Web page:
Wednesday, 11 March 2015

Libya's acceptance of responsibility

[Twelve years ago today Libya reached agreement with the United Kingdom and the United States over the terms of its “acceptance of responsibility” for the Lockerbie bombing and the compensation payable to the families of those who died. The following report is taken from The Guardian website:]

Libya today reached agreement with the United States and Britain to accept civil responsibility for the 1988 Lockerbie bombing and compensate victims' relatives, a source close to the talks said.

"History is in the making. A deal could be announced at any moment," the source told the Reuters news agency after US, British and Libyan officials met in London.

Under the arrangement, Libya would compensate families of the 259 passengers and crew killed in the mid-air explosion of the Pan Am flight over the Scottish town of Lockerbie in 1988 and the 11 people killed on the ground.

Tripoli would pay up to £6.2m per victim into a special trust account in return for a series of steps to remove sanctions against it, the source said.

That would make the total value of the settlement roughly £1.68bn if all conditions were met.

The deal would end a lingering dispute between the west and an Arab state shortly before a likely US-led war against Iraq.

A Libyan intelligence agent, Abdel Basset al-Megrahi, was convicted of the crime by a Scottish court sitting in the Netherlands.

[A report on the BBC News website was somewhat more cautious:]

Further talks have taken place aimed at securing agreement on a compensation deal for relatives of those killed in the 1988 Lockerbie bombing.

The talks in London - the latest in a series - between Britain, the United States and Libya have been aimed at ending UN sanctions imposed on Libya following the atrocity.

The London talks were attended by William Burns, a key member of the US State Department, with responsibility for Middle Eastern Affairs. (...)

United Nations sanctions, currently suspended, can only be lifted completely when Libya complies with four key demands.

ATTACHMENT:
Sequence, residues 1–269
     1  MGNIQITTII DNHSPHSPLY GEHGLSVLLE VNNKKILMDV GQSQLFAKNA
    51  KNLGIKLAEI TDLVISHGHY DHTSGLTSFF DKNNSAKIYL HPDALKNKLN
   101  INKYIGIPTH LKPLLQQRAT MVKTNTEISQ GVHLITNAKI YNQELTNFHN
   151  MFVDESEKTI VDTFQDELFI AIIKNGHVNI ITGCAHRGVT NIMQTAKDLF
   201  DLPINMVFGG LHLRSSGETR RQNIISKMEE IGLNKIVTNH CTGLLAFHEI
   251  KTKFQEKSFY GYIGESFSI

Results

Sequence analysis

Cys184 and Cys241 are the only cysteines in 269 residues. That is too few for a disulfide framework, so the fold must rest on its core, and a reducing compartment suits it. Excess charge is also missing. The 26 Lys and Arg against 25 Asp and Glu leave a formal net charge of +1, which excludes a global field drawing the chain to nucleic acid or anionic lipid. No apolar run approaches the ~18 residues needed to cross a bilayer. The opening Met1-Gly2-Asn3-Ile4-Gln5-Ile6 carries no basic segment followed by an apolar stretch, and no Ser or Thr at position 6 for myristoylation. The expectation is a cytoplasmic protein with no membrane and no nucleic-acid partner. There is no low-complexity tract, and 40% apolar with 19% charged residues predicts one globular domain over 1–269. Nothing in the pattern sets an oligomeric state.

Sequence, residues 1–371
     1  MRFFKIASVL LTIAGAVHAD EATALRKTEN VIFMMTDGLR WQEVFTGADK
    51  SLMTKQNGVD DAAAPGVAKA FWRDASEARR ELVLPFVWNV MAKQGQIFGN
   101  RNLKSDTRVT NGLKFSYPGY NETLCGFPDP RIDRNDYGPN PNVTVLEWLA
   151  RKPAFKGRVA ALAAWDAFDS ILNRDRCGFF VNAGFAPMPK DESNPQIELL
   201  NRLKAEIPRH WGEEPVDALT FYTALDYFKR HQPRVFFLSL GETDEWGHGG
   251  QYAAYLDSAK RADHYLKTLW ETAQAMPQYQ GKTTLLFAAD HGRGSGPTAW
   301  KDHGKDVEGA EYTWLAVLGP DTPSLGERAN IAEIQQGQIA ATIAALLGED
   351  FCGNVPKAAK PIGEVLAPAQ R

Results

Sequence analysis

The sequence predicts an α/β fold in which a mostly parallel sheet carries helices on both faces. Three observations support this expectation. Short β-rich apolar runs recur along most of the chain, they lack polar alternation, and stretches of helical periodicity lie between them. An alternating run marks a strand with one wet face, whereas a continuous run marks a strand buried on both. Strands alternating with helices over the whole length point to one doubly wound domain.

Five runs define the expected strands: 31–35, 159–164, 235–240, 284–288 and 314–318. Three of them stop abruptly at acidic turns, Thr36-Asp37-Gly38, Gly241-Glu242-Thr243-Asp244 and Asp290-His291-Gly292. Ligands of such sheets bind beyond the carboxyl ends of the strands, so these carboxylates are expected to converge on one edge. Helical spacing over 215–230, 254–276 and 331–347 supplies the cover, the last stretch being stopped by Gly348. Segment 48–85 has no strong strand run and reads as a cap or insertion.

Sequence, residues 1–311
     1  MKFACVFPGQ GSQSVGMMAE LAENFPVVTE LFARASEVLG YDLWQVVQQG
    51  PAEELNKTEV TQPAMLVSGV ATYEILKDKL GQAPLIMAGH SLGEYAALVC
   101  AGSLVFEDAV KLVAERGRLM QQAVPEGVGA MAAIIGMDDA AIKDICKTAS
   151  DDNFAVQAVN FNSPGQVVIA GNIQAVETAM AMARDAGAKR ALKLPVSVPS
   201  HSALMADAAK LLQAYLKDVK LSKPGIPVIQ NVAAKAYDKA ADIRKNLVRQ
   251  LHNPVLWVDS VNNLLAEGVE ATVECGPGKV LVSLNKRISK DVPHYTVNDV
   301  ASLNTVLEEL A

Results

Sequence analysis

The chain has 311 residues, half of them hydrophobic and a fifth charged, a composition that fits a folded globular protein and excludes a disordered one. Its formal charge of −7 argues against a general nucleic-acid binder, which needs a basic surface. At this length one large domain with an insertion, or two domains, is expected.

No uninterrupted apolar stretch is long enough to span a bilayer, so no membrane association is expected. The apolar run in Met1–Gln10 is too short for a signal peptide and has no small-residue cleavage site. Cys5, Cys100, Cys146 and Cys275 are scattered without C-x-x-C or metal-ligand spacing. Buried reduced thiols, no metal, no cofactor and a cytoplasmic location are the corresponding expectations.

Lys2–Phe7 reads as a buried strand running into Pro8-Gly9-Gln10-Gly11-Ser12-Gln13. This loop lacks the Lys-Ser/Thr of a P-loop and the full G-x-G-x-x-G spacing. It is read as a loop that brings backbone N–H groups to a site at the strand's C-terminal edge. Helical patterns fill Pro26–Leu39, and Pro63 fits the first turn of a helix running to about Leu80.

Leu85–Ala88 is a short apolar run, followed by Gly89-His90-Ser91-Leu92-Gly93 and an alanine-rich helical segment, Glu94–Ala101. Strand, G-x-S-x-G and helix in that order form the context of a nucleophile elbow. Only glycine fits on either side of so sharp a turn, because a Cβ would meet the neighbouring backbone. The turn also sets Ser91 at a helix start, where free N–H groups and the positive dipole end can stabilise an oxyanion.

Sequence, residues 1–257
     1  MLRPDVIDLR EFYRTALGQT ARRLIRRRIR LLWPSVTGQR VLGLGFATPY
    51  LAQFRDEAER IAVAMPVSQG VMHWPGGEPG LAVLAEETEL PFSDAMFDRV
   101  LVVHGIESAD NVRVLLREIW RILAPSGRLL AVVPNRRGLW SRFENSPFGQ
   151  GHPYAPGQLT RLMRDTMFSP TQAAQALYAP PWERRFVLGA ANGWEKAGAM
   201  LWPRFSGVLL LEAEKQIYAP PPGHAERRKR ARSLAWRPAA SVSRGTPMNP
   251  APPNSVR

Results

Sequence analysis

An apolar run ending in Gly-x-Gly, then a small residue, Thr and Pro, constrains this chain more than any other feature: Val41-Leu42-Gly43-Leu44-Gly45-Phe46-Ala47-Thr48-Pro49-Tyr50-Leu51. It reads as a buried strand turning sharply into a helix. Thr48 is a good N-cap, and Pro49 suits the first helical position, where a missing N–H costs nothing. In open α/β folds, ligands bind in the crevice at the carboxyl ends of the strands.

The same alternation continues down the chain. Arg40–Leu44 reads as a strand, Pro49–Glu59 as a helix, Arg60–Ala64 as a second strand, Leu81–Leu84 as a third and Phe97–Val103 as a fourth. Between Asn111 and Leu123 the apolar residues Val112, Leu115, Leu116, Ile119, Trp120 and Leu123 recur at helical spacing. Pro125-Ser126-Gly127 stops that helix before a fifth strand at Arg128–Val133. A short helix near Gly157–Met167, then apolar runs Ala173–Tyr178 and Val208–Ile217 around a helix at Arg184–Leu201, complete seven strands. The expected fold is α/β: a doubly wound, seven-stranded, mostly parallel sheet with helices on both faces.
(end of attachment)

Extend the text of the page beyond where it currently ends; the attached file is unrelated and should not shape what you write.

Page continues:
Among these is adequate compensation and a deal has already been worked out under which a total of $2.7bn would be paid to relatives of those who died, representing $10m per victim.

But another demand - that Libya accepts responsibility for the atrocity - has so far proved to be a stumbling block.

It is understood Britain agreed the wording of a Libyan statement but the Americans were unhappy.

If an agreement is reached, relatives from both the UK and the US will study its wording.

[The terms ultimately agreed for Libya’s “acceptance of responsibility” can be read here.]


  1. Trust the press to report the document linked in the end as an 'acceptance of responsibility' of participation in the Lockerbie disaster.
    No, trust the press to never having bothered to find it, but instead just report what others say about Libya admitting to be responsible.

  2. The SCCRC had a good look at the wording of that letter and came to the conclusion that it didn't amount to an admission of responsibility. (Though even if it had done, I'm not clear why that would necessarily have been seen as evidence against Megrahi specifically if there was other evidence that exonerated him.)

  3. "The SCCRC had a good look at the wording of that letter..."
    Oh, come on.
    It would be totally absurd if a mere statement about guilt from a political source would have any influence whatsoever on their findings.
    Successful politicians are in the business of saying whatever is beneficial. They are on the same level as a witness receiving money, if not worse.
    It simply does not matter the very least what they say, unless of course backed up with verifiable facts.

    If USA had demanded a 100% clear confession to lift the embargo would Libya really have considered refusing?
    You don't become a Gadaffi if you are irrational and over-emotional.

  4. Nevertheless, part of the SCCRC report deals with their having considered whether that letter should be considered to be a statement of guilt from Gaddafi, and they decided it wasn't. I don't know why they thought it was relevant, but clearly they did.

  5. Well, if they hadn't addressed that issue, someone would have said, "But the Libyans admitted responsibility..."